To be able to authenticate the IPSec tunnel that will be used for the L2TP tunnel, a pre-shared key needs to be defined. This is done under Local Objects -> VPN Settings -> Pre-Shared Keys.
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In this How-to a pre-shared key named l2tp-psk will be used.

Preparing a new Local User Database
To be able to authenticate the users using the L2TP tunnel a local user database will be used, this can of course also be a RADIUS server. Create a new database under Local Objects -> User Databases.
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In this How-to a user database named UserDB will be used.

Add a few users to this database. There is no need to define groups to get L2TP up and running. But groups could later be used in the rules to setup different policies based on group membership.

Clavister - Setting up the IPSec Tunnel
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Now it's time to setup the IPSec tunnel, this is done in the IPSec Tunnels section located in the Interface folder of the Security Gateway. The example screenshot above shows the Clavister Security Gateway.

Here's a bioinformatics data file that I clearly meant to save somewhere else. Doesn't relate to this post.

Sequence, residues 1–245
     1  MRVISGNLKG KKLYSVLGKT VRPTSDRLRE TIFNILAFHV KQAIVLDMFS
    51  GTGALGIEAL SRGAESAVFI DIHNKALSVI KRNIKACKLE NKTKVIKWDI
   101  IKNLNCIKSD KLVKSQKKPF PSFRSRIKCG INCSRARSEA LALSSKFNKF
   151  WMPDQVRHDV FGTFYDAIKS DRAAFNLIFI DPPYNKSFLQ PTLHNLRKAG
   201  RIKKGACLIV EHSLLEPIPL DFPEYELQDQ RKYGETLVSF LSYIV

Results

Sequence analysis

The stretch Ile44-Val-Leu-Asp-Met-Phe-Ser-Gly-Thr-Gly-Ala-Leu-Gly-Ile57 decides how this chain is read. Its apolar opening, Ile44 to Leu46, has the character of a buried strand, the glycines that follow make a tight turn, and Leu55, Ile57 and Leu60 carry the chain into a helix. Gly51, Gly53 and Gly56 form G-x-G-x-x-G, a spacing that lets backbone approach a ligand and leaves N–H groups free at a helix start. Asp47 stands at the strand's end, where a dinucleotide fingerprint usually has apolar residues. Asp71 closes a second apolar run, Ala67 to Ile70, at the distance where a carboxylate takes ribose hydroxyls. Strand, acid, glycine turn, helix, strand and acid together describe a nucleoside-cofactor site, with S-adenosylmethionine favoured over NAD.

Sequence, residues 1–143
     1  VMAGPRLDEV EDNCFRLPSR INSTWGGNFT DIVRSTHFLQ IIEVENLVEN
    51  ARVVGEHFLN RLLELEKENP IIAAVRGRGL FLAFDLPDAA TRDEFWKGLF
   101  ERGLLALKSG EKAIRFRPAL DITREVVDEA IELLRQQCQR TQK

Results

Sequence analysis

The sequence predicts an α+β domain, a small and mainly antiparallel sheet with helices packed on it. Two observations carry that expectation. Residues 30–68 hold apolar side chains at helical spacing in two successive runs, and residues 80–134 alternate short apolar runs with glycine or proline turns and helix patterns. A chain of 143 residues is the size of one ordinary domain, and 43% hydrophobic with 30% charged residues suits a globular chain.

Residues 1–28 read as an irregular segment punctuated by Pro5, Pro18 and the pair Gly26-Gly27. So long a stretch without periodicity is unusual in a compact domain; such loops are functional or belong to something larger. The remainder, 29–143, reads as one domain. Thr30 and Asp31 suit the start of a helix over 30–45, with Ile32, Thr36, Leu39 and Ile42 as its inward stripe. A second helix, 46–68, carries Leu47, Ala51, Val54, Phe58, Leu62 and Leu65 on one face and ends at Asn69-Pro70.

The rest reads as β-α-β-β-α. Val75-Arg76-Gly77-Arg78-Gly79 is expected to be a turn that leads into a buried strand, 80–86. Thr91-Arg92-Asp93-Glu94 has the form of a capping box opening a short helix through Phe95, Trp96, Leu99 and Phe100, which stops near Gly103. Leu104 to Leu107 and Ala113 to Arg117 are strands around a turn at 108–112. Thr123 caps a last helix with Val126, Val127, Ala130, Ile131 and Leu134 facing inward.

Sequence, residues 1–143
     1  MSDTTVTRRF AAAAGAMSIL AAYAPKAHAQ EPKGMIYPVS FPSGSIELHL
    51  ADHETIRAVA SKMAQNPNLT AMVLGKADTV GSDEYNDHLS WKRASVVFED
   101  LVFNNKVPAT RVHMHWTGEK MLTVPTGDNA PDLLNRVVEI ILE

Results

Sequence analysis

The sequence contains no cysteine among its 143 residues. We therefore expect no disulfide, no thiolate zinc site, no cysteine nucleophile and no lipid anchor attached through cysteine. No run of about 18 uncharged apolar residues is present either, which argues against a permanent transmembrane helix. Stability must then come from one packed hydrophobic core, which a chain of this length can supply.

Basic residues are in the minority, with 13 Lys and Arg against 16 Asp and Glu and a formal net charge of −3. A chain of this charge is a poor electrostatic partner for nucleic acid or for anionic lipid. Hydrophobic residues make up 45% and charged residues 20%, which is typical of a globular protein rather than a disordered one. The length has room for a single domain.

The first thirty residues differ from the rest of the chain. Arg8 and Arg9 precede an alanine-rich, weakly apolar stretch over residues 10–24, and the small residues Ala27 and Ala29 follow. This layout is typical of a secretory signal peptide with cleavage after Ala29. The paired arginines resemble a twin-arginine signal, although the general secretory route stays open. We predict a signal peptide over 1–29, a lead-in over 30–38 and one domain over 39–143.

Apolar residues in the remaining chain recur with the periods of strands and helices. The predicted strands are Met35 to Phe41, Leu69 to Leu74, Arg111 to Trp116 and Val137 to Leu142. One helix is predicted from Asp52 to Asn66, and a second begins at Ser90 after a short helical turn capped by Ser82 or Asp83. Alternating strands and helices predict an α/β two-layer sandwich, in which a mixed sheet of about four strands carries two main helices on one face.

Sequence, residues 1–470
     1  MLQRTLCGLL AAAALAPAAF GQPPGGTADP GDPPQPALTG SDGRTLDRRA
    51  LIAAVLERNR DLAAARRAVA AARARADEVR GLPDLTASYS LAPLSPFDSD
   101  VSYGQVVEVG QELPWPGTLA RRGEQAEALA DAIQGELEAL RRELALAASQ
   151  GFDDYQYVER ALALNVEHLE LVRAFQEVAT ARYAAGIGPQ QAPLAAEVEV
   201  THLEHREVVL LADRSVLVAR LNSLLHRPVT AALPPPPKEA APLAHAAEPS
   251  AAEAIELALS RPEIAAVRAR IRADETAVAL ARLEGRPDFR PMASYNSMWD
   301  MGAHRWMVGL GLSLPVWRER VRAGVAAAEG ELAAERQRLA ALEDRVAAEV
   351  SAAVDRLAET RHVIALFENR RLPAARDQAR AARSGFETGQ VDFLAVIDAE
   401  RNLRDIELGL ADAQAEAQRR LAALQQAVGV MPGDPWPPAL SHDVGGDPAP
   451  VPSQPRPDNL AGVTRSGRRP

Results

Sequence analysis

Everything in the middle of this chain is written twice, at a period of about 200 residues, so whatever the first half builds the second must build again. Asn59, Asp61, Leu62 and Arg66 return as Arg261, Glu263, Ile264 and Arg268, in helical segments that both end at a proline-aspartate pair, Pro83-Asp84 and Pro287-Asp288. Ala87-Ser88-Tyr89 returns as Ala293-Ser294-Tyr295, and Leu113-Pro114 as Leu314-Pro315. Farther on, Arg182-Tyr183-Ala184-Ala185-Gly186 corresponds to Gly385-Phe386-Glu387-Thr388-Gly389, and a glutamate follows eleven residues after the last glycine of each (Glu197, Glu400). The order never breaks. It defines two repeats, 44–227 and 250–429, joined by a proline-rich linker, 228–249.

First of all, a name is needed for the VPN connection. This virtual interface will later be used in the L2TP section.

In this example, the name l2tp_ipsec is being used.

Local Network
This is the local network that the remote users will connect to. As we are going to use L2TP this is the same IP the L2TP tunnel will connect to, i.e. ip_ext.

Note: When the SGW is behind a NAT:ing device, Local Network should be all-nets because of the incorrect local ID that will be sent due to the SGW being behind NAT

Remote Network